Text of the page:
Neman said Sweetgreen is just beginning efforts to create tailored promotions and loyalty to drive incremental customer frequency and improve guest spend. In January, it piloted “Sweetpass,” a subscription program where consumers spend $10 and earn a $3 credit (max one per day) on qualifying delivery, pickup, and Outpost digital purchases made through the company’s app or website. It was not available on third-party delivery marketplaces.
“The results really exceeded our expectations across all cohorts, especially with new and last customers and low frequency customers,” Neman said.
As much as initiatives like this, as well as digital-exclusive offers (such as gaming personality Rachell “Valkyrae” Hofstetter creating a personal salad that can only be ordered online), have helped off-premises sales stick, Neman said restaurants, “are one of our best customer acquisition vehicles.” There are clear tactics in place to move front-line customers to digital channels. When Sweetgreen does so, historically, the guest comes in at least 1.5 times more often. And they spend 20 percent more per transaction. Once they evolve into a “two-channel customer,” they show up 2.5 times more, Neman said. “For us, it’s a healthy ecosystem of having that customer discover us on the front line, and then being moved to a digital customer,” he said. “Over time, we're going to continue to lean into a lot of strengths we have from a digital perspective. So today, we do things like digital exclusives, our menu and our deliveries cheaper … It's more affordable for our customers, our native apps, and in different marketplaces.”
“With every home digital purchase, we understand who our customer is, when and where they visit us,” Reback added.
Speaking to delivery in particular, Sweetgreen transitioned in November to DoorDash as its primary courier partner for orders made through its app. Neman said the change resulted in improved per-delivery rates and faster delivery times. The company is also considering expanding delivery radiuses to broaden reach.
The brand’s Outpost initiative is also providing product to more than 500 households today. Seventeen are launching just next week, Reback said.
Sweetgreen spent a good portion of its first earnings call talking about labor. Namely, how it’s spent resources in recent years sharing a long-term view with hourly workers. In as few as three years, employees can become a “head coach,” which is what Sweetgreen labels general managers. They earn six-figure packages, including equity in the company.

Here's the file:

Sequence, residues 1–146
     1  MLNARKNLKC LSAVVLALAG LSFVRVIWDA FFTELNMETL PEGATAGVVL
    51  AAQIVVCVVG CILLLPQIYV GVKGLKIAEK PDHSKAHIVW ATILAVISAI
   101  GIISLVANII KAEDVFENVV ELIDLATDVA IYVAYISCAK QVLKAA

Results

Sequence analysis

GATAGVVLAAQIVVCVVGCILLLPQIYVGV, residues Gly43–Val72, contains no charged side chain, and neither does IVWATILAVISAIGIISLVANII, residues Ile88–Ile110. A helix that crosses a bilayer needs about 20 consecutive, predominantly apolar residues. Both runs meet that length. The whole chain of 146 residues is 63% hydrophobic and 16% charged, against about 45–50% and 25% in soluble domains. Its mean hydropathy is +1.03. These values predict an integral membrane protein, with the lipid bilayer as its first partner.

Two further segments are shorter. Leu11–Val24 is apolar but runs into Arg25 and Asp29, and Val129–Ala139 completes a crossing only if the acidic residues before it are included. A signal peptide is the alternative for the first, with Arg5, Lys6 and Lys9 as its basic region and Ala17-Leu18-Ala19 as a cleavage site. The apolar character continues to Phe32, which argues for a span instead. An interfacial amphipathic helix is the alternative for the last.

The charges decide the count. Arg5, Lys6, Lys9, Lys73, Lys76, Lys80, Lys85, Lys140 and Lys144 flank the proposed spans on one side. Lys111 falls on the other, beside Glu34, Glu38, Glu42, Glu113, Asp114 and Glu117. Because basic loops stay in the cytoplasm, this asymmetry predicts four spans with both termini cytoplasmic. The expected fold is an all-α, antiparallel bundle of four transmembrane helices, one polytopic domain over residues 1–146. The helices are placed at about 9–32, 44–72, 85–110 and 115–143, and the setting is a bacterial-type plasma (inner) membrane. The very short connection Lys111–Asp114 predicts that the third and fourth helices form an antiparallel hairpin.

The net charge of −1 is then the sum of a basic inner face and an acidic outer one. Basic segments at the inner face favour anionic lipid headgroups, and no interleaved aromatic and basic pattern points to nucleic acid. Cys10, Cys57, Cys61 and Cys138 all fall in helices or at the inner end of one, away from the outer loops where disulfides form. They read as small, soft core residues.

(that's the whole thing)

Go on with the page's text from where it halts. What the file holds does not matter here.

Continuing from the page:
During COVID, Neman added, Sweetgreen cross-trained staff regularly, like much of the industry, in an effort to do more with less. The brand simplified operations and emerged with a “much more resilient,” labor pool, he said, where employees can work across different positions. This helped it flex up and down through recent hurdles, like Omicron.
Sweetgreen invested in holiday pay, higher wages, and introduced a “retention grant” that ran from December through January as cases surged. Before the IPO, it implemented a “gratitude grant” as well for every employee.
Sweetgreen took 6 percent in price at the beginning of the year and expects wages to represent a 7 percent inflation factor in 2022.
“We believe as a company that we have a lot of pricing power with our customer,” Reback said. “We think that comes from the fact that we have a very cult-like following with a lot of customer love that we built to marketing over many, many years. … We also are recognizant that our mission is to connect more people to real food and … [we] like our price points to be accessible. So when we look at our pricing architecture, what we've done in the past few years is spread out our price points to be sure we always maintain high-value entry price points to bring new customers in.”
Neman said the brand’s turnover has stabilized of late, and average tenure is climbing. Today, the figure is 2.5 years for “head coaches” and a year for team members. The biggest hurdle comes in the first 90 days. After, “we’re seeing a lot of stickiness,” Neman said.
“And I think that says a lot about the growth opportunities we offer for our team members, and the environment, culture, and lifelong skills that we’re providing for them,” he added.